Things didn't start to get serious for Benavidez's MMA career until he went to visit a friend in Sacramento in November of 2006. They bought tickets to UFC 65, where they watched Georges St. Pierre take the welterweight title from Matt Hughes.

For Benavidez, it was a glimpse of what the big time really looked like, though he didn't know if a 135-pounder like himself could ever even dream of getting there. The UFC had only recently reopened its doors to 155-pounders. Below that, the best you could hope for was the lesser-known WEC, and even that seemed far away.

Before he left Sacramento and returned home to New Mexico, Benavidez made it his mission to seek out the then-WEC featherweight champ Urijah Faber, who he'd heard ran a gym in the area. If Faber could make a living as a smaller mixed martial artist, then maybe he was someone who could help, or at the very least, give Benavidez some idea of where he stood as far as skill level.

So he looked in the phone book for Faber's gym, but couldn't find it.

"I went into the first gym that I found and basically beat up everybody, all the instructors, whoever. Those guys told me, hey, we got nothing for you. You need to go get with Urijah and his guys."

When Benavidez explained that this was exactly what he'd been trying to do, they gave him Faber's contact info. By then, however, it seemed too late. He had a 7 a.m. flight back to New Mexico in the morning. He was out of time, and he hadn't even managed to lay eyes on Faber.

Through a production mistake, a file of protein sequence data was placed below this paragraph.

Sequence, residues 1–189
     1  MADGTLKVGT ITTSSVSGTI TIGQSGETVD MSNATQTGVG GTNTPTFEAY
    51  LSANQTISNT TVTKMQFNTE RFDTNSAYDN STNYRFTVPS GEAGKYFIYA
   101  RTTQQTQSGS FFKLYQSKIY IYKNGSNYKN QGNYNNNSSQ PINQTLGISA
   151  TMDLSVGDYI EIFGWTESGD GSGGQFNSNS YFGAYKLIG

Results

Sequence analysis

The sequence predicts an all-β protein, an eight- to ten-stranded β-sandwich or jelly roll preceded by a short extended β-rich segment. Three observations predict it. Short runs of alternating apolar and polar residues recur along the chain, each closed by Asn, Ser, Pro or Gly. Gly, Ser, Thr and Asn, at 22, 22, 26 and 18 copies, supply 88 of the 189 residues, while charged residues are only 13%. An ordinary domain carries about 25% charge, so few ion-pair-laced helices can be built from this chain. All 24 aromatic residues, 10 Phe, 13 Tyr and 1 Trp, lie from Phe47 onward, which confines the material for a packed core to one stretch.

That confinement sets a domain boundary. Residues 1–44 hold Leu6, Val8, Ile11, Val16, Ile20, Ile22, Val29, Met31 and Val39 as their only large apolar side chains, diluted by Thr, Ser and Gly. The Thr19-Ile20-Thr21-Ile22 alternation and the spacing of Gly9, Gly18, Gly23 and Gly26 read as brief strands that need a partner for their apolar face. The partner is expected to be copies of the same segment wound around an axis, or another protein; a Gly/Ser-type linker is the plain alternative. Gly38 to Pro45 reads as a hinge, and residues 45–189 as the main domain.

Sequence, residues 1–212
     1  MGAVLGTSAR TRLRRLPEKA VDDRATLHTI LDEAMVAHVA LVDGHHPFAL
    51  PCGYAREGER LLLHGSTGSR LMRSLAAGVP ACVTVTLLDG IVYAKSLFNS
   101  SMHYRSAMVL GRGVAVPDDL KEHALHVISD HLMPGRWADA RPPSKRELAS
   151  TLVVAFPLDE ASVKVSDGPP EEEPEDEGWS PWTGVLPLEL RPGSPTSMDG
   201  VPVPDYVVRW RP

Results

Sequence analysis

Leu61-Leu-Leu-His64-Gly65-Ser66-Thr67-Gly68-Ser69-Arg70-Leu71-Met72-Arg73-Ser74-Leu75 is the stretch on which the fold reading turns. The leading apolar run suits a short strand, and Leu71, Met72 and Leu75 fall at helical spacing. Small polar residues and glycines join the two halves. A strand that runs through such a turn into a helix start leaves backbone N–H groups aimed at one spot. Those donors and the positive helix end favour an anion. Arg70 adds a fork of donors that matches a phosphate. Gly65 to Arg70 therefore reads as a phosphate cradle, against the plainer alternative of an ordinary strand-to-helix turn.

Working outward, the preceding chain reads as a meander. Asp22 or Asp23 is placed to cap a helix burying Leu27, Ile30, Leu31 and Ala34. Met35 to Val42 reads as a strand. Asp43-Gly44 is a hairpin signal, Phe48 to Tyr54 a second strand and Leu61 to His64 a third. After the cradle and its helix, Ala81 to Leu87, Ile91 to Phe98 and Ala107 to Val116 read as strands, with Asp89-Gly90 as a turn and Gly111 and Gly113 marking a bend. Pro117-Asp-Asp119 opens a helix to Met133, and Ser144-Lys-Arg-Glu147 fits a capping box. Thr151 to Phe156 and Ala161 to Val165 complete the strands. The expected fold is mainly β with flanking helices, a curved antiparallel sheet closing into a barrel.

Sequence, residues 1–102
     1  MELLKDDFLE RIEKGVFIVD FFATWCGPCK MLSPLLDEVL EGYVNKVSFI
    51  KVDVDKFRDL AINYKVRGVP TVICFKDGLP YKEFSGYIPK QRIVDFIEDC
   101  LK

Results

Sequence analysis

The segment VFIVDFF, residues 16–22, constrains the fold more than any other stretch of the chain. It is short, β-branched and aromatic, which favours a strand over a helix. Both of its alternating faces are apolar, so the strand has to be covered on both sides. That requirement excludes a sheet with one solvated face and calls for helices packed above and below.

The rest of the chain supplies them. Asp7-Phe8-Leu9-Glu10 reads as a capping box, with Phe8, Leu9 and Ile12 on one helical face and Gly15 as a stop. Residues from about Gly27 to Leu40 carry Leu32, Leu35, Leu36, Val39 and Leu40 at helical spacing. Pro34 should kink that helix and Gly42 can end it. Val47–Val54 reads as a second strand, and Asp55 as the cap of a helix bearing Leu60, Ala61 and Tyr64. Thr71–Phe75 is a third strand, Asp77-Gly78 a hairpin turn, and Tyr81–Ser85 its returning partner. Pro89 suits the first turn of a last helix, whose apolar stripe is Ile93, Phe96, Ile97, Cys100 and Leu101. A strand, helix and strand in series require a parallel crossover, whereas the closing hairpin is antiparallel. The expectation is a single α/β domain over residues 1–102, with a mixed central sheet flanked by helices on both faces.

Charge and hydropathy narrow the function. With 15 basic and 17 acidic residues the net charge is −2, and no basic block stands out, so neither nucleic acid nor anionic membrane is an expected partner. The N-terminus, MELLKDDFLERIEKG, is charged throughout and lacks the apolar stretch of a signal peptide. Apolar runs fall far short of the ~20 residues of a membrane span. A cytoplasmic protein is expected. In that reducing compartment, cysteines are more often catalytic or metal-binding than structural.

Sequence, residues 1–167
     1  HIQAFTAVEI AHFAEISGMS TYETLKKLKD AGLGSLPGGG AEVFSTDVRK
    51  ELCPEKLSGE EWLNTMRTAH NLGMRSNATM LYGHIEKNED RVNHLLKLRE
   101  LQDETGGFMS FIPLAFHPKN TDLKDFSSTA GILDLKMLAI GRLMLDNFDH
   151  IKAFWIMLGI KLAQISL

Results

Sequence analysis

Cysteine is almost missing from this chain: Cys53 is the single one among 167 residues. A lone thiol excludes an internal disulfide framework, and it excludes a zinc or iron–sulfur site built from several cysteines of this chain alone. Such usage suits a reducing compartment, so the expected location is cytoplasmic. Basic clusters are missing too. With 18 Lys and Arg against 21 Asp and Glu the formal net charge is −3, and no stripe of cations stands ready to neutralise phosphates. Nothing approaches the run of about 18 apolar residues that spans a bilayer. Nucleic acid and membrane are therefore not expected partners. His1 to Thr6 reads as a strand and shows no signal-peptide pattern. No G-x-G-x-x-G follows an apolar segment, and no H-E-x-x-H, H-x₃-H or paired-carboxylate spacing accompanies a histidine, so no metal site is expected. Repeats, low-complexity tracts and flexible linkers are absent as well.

But when Benavidez showed up to the airport in the morning, he became the rare traveler to regard it as good news when he saw that his flight was cancelled. He took the opportunity to stay three more days in Sacramento, which allowed him the chance to finally get on the mat with Faber.

"I definitely think it was fate," he said. "I went in and we had a roll, and Urijah basically told me, 'You need to come out here and get serious about this. You've got a lot of talent, so stop wasting time.' That was pretty much it."

After that, Benavidez returned home only to get his things and head for California. He was about to start a new life in MMA. From here on out, all the fights would be for real, with no doubt as to what counted and what didn't. From this point on, he was definitely a professional. Even if he was still fighting in underwear he bought at Target.

Check out past installments of MMA Fighting's 'My First Fight' series, including Rashad Evans, Pat Miletich, Matt Lindland and more.